Obama’s strategy, like Bush’s, also short circuits the normal process of seeking opinions from the OLC; it simply does so in a different way.
This episode makes me wonder how all of this is being taken by the U.S. military. It must be strange to many involved in Operation Odyssey Dawn to be told that not only are they not involved in “war,” they are not even involved in “hostilities.” A midshipman at the Naval Academy wrote to cto say, in light of the original unilateral resort to force in Libya, that he wondered whether the soldiers fighting in Libya “are breaking their oath to obey only legal orders.” I think this is a large overreaction to the initial use of force. And despite my views of the WPR here, I do not think that disobedience would be a proper reaction to the President’s decision under the WPR. The President gets to make the call and his decision is not so far out of bounds to warrant disobedience. But it cannot be pleasant for the men and women involved in this “kinetic military action” to know that the Defense Department General Counsel and the head of OLC think the intervention in Libya as currently executed is unlawful.
Glenn Greenwald believes that Obama’s end run around the WPR may be even worse than the Bush/Cheney regime:
All that aside, what is undeniable is that Obama could have easily obtained Congressional approval for this war – just as Bush could have for his warrantless eavesdropping program – but consciously chose not to, even to the point of acting contrary to his own lawyers’ conclusions about what is illegal.
Other than the same hubris – and a desire to establish his power to act without constraints – it’s very hard to see what motivated this behavior. Whatever the motives are, it’s clear that he’s waging an illegal war, as his own Attorney General, OLC Chief and DoD General Counsel have told him.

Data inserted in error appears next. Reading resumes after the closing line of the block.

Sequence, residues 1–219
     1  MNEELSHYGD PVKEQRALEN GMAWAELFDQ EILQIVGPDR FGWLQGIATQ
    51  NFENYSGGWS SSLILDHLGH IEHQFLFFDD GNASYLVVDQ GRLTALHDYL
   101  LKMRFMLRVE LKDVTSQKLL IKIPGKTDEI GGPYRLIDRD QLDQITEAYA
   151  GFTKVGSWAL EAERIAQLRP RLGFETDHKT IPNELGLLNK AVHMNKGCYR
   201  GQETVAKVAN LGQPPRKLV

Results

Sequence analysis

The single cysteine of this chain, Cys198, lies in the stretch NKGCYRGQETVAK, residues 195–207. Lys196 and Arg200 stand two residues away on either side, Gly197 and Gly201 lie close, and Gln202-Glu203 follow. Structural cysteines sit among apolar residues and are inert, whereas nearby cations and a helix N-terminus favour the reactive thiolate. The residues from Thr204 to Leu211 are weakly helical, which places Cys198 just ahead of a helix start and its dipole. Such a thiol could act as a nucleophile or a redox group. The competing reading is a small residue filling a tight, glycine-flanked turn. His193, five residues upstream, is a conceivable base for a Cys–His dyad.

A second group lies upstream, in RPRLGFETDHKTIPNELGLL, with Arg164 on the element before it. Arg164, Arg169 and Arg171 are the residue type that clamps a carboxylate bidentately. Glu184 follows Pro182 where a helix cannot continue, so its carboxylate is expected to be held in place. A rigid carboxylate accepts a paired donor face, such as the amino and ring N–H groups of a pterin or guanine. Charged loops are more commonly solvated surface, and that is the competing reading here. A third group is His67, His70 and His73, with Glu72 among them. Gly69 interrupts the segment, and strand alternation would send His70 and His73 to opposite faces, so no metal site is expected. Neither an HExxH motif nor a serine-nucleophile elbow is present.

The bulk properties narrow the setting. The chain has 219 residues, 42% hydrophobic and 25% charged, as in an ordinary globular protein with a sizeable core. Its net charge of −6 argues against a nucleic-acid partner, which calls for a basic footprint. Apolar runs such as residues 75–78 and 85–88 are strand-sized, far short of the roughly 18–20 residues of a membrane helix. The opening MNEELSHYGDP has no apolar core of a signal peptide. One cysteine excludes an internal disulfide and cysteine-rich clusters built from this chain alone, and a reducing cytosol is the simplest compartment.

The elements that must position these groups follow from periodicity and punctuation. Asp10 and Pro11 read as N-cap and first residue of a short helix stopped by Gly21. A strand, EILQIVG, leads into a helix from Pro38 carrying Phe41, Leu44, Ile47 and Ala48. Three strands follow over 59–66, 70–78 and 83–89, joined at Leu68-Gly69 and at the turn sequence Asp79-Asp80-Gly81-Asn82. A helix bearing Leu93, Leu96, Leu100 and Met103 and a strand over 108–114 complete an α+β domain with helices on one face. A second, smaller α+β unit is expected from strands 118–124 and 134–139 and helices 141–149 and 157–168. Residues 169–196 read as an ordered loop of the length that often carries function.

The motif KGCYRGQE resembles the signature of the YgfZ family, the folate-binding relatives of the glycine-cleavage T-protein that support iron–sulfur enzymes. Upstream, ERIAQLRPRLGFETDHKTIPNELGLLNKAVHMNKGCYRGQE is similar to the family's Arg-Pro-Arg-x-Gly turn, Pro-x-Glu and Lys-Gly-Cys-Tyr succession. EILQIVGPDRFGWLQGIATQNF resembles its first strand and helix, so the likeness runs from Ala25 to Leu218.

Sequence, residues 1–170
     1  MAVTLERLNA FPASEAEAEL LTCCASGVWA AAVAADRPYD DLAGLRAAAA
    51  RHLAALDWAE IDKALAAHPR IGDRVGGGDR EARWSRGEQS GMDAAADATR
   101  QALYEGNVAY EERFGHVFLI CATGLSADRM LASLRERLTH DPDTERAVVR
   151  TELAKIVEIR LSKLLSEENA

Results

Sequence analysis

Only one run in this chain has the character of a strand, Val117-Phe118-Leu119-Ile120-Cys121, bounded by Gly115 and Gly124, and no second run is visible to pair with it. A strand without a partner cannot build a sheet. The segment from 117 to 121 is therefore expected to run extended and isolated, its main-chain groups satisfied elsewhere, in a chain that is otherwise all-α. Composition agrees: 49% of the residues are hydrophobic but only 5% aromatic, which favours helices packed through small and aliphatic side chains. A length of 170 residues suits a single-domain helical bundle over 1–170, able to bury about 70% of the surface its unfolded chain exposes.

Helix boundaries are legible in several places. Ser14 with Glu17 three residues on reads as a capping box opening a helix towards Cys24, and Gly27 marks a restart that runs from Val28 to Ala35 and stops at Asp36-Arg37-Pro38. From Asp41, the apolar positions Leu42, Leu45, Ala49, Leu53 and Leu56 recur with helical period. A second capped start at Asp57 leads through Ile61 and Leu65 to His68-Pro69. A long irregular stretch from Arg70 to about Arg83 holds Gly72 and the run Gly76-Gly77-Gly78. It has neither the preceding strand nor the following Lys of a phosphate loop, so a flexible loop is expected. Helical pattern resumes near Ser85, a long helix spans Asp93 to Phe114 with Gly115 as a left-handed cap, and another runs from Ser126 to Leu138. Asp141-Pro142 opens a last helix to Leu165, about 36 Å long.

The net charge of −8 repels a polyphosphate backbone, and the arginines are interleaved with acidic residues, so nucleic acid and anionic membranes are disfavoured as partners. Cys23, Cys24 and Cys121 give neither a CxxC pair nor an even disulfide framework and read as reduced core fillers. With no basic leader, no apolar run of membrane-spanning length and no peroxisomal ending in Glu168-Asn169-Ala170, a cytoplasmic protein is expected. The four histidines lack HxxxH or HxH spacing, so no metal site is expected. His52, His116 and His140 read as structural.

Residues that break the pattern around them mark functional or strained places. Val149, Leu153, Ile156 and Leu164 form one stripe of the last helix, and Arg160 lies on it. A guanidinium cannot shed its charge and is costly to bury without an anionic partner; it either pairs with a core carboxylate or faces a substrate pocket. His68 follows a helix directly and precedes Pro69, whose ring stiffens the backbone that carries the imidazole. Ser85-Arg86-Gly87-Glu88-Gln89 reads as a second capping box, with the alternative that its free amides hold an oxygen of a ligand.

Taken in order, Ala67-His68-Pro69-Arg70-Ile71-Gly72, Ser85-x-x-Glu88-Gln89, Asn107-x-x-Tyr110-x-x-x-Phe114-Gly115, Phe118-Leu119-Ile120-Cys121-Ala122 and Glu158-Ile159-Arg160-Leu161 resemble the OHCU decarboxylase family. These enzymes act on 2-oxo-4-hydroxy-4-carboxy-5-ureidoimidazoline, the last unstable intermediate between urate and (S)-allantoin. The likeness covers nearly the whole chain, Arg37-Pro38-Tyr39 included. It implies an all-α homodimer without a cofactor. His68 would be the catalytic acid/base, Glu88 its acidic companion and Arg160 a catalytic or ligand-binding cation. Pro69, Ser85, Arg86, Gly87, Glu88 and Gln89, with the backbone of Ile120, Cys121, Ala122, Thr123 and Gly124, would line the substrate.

In summing all this up, bmaz at FDL states:
Without saying Obama should be impeached, failure to at least have the discussion made in those terms is dereliction of constitutional duty by people, pundits and Congress. This critical issue is not yet getting that kind of play, but it should as it is absolutely why the founders placed the provision in the Constitution to start with.
If our society and political discourse cannot seriously discuss impeachment for the type of executive perfidy demonstrated by Barack Obama in relation to Libya and the War Powers Resolution, and could not discuss it during the Bush/Cheney crimes, then the impeachment provision of the Constitution has no meaning and should be stricken.
Seriously, those are the stakes. A discussion, even an investigation, does not mean there has to be an impeachment conviction, or even that articles of impeachment should even be filed. But the discussion must be had if there is to continue to be integrity to the most fundamental terms and conditions of the United States Constitution.